At first glance, all of these questions may seem to be just general queries within the narrative. But not so. A closer look at this familiar story shows us that each of these questions is pertinent to driving a very specific scene. Even when the protagonist and/or the readers are not immediately aware of the specific nature of the question, once we reach each scene’s answer, we can identify what question was driving the scene from the very start.
How to Find the Right Question and Answer for Your Scene Structure
When using Swain’s approach to structure, you can begin planning a scene by either identifying its goal and following it through to its conclusion—or by choosing the scene outcome/disaster you want to create and then forming the correct goal to lead the character to this ending. Same goes when using questions and answers to frame your scene structure.
You can begin with either the question or the answer. Usually, the answer will be yes or no. Either the character gets what he wants, or he doesn’t.
In Pride & Prejudice, the above scene questions find corresponding scene answers:
- Yes, Mr. Bennett introduced himself to the eligible Mr. Bingley on his daughters’ account.
- Yes, Mr. Darcy will return to find Elizabeth visiting his Pemberley estate.
- No, Elizabeth will not cave to Lady Catherine’s insulting demands that she refuse Mr. Darcy’s hand.
This will then raise the secondary question: How did the character reach his goal? Or How was the character blocked from reaching his goal?
- Mr. Bennett anticipated his wife’s harangue and visited Mr. Bingley before she could each raise the subject.
- Just as Elizabeth is about to escape the premises of Pemberley with her aunt and uncle, she is surprised by Mr. Darcy’s return.
- Elizabeth refuses to give Lady Catherine her promise that she will not marry her nephew—and in so doing, discovers her love for him.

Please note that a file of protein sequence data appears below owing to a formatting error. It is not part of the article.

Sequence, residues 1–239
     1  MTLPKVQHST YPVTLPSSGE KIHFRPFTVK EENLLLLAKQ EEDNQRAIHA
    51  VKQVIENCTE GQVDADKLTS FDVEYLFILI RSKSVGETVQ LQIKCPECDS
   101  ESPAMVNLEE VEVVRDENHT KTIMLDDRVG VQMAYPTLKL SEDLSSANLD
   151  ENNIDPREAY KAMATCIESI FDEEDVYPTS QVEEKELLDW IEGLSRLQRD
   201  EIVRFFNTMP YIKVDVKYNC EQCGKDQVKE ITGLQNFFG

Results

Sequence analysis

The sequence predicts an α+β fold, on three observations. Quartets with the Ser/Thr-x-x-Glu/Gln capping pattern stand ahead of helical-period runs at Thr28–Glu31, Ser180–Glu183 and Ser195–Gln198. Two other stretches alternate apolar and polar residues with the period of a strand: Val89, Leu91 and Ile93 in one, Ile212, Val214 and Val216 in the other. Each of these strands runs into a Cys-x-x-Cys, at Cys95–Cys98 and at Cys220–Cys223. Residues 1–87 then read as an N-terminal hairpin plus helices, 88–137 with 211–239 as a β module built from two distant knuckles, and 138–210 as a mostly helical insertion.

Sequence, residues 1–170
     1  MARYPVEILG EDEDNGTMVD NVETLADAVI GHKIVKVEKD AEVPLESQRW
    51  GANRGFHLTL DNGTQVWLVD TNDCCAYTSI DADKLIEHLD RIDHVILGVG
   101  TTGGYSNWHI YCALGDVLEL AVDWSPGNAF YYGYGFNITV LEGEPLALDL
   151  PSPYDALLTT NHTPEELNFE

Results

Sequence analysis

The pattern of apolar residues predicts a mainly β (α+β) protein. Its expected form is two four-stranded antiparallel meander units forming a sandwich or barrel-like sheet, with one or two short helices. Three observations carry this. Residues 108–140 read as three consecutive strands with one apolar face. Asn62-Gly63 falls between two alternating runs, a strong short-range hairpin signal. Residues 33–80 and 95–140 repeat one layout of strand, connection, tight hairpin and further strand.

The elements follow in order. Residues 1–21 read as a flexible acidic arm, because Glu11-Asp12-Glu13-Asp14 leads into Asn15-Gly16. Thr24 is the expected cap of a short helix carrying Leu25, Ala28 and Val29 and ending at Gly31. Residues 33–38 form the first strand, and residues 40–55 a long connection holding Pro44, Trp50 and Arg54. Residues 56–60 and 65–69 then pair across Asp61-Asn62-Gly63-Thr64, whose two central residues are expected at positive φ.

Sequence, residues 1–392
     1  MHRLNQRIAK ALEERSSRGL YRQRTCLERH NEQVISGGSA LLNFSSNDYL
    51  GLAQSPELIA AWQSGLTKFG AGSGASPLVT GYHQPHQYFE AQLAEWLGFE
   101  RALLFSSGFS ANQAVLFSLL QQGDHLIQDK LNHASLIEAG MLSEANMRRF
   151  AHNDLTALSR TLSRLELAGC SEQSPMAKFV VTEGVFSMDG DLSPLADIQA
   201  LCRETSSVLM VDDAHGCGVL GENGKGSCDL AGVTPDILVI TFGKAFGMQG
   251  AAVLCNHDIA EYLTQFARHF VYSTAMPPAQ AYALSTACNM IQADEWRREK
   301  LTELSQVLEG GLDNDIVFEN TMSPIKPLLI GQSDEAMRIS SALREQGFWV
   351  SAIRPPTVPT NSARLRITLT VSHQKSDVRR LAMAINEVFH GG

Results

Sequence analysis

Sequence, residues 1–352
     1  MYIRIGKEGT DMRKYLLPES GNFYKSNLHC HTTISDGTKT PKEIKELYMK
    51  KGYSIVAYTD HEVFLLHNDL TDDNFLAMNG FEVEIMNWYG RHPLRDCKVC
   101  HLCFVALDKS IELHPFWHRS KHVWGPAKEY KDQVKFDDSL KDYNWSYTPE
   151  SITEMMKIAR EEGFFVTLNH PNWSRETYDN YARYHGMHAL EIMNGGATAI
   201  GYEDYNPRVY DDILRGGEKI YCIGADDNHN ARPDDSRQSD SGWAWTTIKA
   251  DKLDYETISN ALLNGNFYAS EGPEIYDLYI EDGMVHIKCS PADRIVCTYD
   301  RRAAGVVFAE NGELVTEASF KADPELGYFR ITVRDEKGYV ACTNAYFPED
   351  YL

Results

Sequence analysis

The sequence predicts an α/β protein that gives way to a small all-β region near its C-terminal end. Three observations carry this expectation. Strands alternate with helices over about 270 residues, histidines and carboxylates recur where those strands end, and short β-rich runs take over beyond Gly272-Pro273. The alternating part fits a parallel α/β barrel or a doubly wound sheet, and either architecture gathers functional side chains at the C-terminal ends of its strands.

Each part corresponds to Swain’s structure:
- The question reveals the goal.
- The “how” reveals the conflict.
- The answer reveals the outcome.
How to Implement This Approach to Scene Structure
This is not a competing system to Swain’s, but rather a bolstering one. Swain’s scene structure is scene structure. But looking at it from a slightly different angle is helpful in stripping scenes down to their bare facts, which then allows you to verify a single, solid, cohesive throughline in each scene.
As you’re working through the six parts of Swain’s structure for each of your scenes, take an extra moment to also evaluate the scene through the lens of question and answer. This is a remarkably easy way to streamline scenes and keep them firmly on track, no matter how many layers of subplot conflict you have running through any given spot in your story.
As a total bonus it also gives you a ready-made hook for the beginning of each scene. The hook itself is nothing more or less than a question. Pique your readers’ curiosity with this scene-driving question and you’ll pull them right through to the end of the scene—and hopefully into the next one as well.
This does not mean you must always state the scene question explicitly. Austen never outright says, “Was Elizabeth about to give in to Lady Catherine’s bullying?” Usually, your best approach is to allow each scene’s question to arise from the subtext of the character’s goals and the obstacles they meet along the way.
The very simplicity of this approach to scene structure makes it invaluable in cutting through the inevitable clutter while plotting a book. Use this question-and-answer approach to scene structure to immediately discover the heart of each scene, allowing yourself to then move onto the more complex issues of layering the blow-by-blow of the narrative itself.
Wordplayers, tell me your opinion! What questions and answers frame your current scene structure? Tell me in the comments!